THE Corrib gas field is worth €9.5 billion at today’s prices, almost five times its €2bn value, after it was declared commercial in 2001.
This is good news for the cash-strapped government which is set to net €1.7 billion in taxes during the life-time of the field.
The tax windfall is based on operational cots of €3bn being deducted from the total value of the field and a 25% corporate tax charge on the profits.
Details of the worth of the field and its tax benefits have been produced by Minister for Communications, Energy and Natural Resources Eamonn Ryan in response to a Dáil question by Fine Gael TD Michael Ring.
“Based on an assumption that the combined development and production costs will be close to €3 billion, then the tax revenue from the Corrib field would be in the order of €1.7 billion,” Mr Ryan said.
In 2001, the 800-900 million cubic feet of gas in the Corrib field was estimated to be worth €2bn, substantially less than the value today.
It was initially identified in 1992 by Enterprise Energy Ireland, owned by the independent British-based Enterprise Oil.
The first exploration well was drilled in 1996 confirming the presence of natural gas.
The gas field discovery was successfully appraised in 1998 with significant reserves confirmed the following year. Declared commercial in 2001 it was subsequently bought by Shell in April 2002 for €7bn.
The canceling of the offshore pipeline this autumn will delay the arrival of gas onshore by at least two years and it is reckoned the gas will not start to come ashore until sometime in 2010.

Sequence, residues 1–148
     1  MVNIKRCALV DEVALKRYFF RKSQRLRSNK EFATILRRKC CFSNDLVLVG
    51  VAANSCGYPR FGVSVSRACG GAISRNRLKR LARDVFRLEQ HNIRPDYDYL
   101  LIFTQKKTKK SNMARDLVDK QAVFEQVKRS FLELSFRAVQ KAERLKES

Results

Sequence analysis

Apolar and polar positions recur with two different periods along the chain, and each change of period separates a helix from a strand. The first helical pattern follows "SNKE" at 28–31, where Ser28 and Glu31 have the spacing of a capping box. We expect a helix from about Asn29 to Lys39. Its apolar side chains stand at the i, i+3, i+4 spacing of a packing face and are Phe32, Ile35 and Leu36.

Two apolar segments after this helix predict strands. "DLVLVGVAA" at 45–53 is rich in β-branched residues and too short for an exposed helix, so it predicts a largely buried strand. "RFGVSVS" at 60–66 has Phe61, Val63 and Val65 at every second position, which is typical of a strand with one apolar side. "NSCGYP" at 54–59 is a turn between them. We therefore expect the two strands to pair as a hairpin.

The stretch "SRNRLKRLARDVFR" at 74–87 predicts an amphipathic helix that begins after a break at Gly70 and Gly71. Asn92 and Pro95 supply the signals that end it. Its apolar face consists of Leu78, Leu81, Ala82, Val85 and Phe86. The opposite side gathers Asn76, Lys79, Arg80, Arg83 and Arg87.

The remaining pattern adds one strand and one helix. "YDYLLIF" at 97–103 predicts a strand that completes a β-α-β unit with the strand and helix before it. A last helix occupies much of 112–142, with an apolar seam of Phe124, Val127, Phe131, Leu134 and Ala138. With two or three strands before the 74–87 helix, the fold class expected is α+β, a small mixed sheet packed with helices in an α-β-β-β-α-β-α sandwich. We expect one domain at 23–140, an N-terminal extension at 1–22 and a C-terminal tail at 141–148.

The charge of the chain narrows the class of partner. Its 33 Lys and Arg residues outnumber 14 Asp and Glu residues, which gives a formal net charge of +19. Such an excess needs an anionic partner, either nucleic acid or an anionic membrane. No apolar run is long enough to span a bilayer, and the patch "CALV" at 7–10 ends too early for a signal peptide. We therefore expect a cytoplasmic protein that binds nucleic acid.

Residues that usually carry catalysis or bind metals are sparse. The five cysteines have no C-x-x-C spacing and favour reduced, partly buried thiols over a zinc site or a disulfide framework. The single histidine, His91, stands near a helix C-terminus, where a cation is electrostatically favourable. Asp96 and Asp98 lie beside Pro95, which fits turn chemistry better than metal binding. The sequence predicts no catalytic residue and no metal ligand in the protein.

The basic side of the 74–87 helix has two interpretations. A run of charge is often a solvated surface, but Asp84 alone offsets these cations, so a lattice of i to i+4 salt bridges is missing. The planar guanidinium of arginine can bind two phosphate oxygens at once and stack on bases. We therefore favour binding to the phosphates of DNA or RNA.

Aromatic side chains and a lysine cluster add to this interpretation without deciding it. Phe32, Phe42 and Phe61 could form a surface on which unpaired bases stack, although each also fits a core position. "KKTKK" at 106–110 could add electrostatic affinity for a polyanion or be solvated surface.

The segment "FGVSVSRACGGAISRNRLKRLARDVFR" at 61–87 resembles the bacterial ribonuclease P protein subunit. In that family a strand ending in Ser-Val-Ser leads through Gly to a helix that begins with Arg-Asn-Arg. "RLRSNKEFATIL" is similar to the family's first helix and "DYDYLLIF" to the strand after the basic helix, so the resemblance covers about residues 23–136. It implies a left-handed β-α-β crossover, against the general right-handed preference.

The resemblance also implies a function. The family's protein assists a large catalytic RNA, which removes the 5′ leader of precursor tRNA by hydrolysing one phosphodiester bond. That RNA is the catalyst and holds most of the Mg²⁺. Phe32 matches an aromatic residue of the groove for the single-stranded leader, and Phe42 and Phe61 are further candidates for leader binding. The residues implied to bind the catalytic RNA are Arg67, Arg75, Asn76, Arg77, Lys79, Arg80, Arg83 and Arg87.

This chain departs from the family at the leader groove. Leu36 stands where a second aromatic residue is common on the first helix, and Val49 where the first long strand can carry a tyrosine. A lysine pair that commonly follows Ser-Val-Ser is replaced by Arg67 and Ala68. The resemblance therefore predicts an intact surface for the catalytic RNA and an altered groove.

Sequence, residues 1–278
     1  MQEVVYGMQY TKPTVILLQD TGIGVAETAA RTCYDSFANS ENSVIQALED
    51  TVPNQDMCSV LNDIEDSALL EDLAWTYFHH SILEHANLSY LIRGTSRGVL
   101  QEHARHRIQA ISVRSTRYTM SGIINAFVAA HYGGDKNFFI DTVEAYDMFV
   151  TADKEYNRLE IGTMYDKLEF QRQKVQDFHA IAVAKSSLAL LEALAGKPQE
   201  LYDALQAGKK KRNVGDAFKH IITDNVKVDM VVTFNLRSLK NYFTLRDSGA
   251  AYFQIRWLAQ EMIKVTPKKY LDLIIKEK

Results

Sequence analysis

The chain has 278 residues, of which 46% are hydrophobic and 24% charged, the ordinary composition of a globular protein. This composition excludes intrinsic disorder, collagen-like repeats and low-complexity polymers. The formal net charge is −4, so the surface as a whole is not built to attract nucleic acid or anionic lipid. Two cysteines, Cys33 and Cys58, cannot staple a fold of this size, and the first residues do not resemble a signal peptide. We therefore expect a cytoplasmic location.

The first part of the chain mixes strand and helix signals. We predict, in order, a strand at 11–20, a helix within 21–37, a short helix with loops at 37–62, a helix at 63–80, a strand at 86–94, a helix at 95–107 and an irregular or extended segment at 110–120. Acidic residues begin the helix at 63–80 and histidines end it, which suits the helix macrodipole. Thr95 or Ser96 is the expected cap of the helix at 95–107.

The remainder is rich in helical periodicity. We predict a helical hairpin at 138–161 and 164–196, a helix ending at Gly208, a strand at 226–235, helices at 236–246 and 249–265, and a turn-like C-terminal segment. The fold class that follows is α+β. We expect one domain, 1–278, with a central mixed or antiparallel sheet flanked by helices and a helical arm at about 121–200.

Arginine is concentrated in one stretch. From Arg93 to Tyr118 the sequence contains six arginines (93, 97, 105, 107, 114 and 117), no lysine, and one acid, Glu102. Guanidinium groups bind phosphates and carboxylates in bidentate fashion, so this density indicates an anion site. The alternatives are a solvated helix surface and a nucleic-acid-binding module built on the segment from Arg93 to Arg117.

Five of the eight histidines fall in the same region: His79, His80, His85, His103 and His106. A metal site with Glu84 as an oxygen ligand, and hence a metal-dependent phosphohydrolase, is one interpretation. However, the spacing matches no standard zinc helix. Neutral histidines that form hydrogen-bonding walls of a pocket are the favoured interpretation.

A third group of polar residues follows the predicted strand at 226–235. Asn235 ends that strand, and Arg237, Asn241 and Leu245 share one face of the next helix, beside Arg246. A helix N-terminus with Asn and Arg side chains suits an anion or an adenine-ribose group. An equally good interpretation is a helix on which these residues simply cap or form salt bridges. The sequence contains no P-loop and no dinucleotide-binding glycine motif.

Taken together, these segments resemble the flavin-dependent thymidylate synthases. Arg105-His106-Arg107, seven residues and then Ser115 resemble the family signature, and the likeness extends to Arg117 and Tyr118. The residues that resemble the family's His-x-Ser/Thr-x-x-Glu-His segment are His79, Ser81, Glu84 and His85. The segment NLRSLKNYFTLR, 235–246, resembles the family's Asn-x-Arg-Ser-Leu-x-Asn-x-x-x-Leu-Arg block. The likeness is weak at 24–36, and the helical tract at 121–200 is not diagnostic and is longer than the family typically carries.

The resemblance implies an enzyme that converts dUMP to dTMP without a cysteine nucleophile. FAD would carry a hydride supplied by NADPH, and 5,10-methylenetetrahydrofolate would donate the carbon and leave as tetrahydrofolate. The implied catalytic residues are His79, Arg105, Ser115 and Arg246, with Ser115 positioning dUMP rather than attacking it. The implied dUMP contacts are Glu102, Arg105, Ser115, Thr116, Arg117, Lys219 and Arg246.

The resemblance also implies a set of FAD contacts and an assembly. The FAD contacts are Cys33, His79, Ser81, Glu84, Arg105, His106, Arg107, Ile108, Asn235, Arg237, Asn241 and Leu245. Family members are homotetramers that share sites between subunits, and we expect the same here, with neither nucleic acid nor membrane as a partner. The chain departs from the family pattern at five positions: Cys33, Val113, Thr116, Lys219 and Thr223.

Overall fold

At full production, the field is expected to supply about half of the country’s gas needs.
For years Ireland has been sourcing up to 85% of its gas needs on the international market, with just 15% of its gas supplied from local reserves including the Kinsale Head field.
The Corrib field is the second largest found off Irish waters, the largest being Kinsale which was discovered in 1971.
For the first four to five years of its life-span Corrib has the potential to supply 50% to 60% of Ireland’s needs, a percentage that will trail off over the life of the field estimated at 10 to 15 years.
It remains to be seen what impact, if any, the new supply will have on the cost of gas which has soared in price since the discovery was first made.
While the discovery eases supply concerns, Bord Gáis, which will be a major customer for the gas reserve, said that the new Irish reserves would not necessarily result in lower gas prices.
Corrib gas filed prices will be linked to British wholesale prices, because of the integrated nature of the two markets, it has pointed out.
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